Blu-ray Review: The Beatles: Eight Days a Week - The Touring Years

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Who directed the new Beatles documentary Eight Days a Week, George Lucas?? Some of the live performances (iconic stuff like their famous Washington Coliseum performance during their first U.S. visit and also some frequently-seen press conference footage) have been... colorized. Unlike George Lucas' endless revisionism with his Star Wars series, obviously a work of fiction, director Ron Howard has gone so far as a mess with actual history. Eight Days a Week purports to be a documentary. The material presented should have been left undoctored. What's next? Computer-generated renderings of a virtual "Beatles" performing songs from later in their career that never made it to the stage? Once the line is crossed and filmmakers no longer have any regard for the integrity of the actual history they're supposedly presenting, we get into very murky waters. (Note: no direct mention is made about the alteration of this footage within the film itself, it is presented at face value.)

Howard's film, which enjoyed largely rapturous reviews during its limited theatrical run this past fall, is now available on Blu-ray—as a single disc containing just the movie, or a double-disc deluxe package that adds a lot of extra material. Do yourself a favor and get the double-disc edition. While Howard's main feature offers yet another re-telling of the familiar Beatles narrative, there's more interesting material contained in the featurettes on the second disc. The "Alternative Opening For the Film" shows that somewhere along the line Eight Days a Week morphed into a safer, duller, and less ambitious. The alternate opening, with its artful "slideshow" visuals and intellectual, thoughtful commentary, is a glimpse at a more artful version of Eight Days a Week. One that wasn't to be.

Perhaps the reason Howard's film is such an uninspired retread lies in its foundation as an 'in-house' Apple production. The problem with "authorized biographies" is usually that the subject has too much control over the way their image is presented. The problem with "unauthorized biographies" is that the producers have extremely limited access to archival materials and interviews with the people whose stories are being told. That's an extreme simplification but one that applies here. The production team wanted/needed the full cooperation of surviving Beatles Paul McCartney and Ringo Starr, plus the John Lennon and George Harrison estates. They wanted photos and film footage people haven't seen before. So begins the compromise. Virtually nothing separates Eight Days a Week from The Beatles Anthology, save for the fact that Anthology tells the entire Beatles story—and in far greater detail with far more extensive live concert footage.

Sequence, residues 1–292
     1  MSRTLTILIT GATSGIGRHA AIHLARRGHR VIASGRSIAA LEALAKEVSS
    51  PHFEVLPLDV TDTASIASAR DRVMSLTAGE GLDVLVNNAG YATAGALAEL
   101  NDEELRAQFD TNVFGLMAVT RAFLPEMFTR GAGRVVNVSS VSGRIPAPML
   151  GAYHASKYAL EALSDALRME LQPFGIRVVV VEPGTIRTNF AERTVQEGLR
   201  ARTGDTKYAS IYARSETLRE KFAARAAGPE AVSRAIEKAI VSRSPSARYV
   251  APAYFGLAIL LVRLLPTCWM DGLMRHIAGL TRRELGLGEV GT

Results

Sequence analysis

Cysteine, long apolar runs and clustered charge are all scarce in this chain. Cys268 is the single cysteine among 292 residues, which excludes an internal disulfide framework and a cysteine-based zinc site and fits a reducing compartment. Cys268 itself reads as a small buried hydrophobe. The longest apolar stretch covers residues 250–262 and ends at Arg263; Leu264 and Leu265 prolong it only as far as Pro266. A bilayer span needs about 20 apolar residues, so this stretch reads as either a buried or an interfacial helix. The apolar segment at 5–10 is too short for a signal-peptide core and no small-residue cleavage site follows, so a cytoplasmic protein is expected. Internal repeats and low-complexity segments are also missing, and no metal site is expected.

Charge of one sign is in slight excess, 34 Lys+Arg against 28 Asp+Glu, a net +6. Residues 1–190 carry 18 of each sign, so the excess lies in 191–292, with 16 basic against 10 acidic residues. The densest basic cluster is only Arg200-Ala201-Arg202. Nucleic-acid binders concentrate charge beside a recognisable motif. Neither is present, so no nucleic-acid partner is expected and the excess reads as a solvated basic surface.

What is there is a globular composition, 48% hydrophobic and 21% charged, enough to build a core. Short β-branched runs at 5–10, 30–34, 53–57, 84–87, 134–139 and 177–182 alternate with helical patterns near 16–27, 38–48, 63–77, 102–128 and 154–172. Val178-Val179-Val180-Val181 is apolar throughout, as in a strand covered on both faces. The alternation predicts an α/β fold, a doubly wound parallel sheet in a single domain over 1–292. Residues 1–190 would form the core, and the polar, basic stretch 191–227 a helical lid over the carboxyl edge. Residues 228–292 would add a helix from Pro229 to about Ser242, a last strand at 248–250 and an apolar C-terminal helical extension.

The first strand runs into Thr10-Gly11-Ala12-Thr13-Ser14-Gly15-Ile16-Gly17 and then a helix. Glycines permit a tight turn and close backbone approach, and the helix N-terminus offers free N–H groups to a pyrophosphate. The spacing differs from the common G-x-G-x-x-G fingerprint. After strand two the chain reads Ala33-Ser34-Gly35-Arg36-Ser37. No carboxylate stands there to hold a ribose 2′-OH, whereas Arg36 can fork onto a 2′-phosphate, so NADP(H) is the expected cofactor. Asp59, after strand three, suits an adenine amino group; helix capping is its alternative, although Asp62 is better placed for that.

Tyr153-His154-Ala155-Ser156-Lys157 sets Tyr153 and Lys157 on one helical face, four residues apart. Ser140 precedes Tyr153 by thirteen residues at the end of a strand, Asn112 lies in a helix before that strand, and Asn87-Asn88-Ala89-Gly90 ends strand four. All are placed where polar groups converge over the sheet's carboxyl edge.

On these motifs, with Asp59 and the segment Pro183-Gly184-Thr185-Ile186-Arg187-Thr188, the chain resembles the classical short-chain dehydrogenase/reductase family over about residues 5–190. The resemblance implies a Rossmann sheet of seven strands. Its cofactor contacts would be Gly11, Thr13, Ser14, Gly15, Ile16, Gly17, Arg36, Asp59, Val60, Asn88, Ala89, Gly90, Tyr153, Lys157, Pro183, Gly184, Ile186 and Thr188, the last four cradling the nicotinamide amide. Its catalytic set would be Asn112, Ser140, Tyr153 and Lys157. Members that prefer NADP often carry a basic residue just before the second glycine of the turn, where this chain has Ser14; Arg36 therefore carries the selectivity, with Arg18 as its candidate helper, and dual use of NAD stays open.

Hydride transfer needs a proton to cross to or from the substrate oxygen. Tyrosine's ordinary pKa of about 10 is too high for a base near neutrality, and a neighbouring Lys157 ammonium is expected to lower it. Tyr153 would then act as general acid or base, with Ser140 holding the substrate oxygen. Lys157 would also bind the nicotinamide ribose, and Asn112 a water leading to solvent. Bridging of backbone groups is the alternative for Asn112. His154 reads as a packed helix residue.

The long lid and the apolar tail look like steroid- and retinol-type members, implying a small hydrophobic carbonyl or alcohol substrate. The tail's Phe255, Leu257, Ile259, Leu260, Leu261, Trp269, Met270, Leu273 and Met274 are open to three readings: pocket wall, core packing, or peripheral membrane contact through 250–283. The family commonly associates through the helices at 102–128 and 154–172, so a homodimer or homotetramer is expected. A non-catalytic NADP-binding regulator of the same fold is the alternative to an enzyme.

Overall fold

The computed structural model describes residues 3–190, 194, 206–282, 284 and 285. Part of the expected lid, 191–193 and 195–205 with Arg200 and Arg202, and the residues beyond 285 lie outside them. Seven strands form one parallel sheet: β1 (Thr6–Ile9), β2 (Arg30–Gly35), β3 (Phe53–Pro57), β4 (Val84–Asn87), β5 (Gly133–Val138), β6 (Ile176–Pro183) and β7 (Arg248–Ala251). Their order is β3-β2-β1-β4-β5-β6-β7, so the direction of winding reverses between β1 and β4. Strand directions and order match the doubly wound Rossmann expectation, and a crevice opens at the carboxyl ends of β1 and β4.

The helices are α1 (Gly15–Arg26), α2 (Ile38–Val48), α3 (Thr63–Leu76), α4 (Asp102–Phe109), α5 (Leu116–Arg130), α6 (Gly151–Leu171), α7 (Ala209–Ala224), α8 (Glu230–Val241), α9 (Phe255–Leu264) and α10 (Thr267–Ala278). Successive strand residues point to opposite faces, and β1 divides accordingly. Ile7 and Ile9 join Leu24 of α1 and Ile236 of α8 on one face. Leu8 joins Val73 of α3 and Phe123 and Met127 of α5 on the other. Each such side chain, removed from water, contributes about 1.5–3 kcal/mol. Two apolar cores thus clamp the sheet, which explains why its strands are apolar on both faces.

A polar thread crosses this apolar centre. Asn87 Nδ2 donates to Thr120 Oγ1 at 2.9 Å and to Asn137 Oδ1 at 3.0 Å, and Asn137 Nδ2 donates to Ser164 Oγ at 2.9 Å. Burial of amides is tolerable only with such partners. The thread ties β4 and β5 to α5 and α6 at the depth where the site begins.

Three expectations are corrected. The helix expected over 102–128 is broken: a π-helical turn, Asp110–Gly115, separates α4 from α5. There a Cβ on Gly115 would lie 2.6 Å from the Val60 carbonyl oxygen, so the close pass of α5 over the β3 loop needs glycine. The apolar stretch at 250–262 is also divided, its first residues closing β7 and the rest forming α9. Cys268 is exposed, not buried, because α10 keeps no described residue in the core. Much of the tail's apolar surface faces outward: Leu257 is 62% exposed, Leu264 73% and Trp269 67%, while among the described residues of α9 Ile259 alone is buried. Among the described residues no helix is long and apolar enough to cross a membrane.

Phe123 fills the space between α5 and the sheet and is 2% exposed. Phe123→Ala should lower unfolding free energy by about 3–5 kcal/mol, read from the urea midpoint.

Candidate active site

rsz_beatles_eight_days_a_week_bd.jpg That's not to say there isn't joy to be had in viewing Eight Days a Week. But the film plays like a 100-minute EPK rather than an artful, probing, revealing documentary. And the supposed focus of the film—the Beatles as a touring band—is a bit watery. Plenty of time is still spent discussing the studio records and their songwriting process. Howard offers yet another version (albeit heavily condensed) of the story that fans have been hearing for decades. And most of the performance footage is heavily edited and truncated (and oh yeah, in some cases colorized), with songs interrupted for voiceover narration. For their part, McCartney and Starr's new interviews bring virtually nothing to the table. It's the archival stuff that offers a rather startling glimpse of a time when McCartney was actually a candid interview subject who wasn't so guarded about the image he presented. The material dealing with the band's opposition to segregation is absolutely vital and the best segment in the film.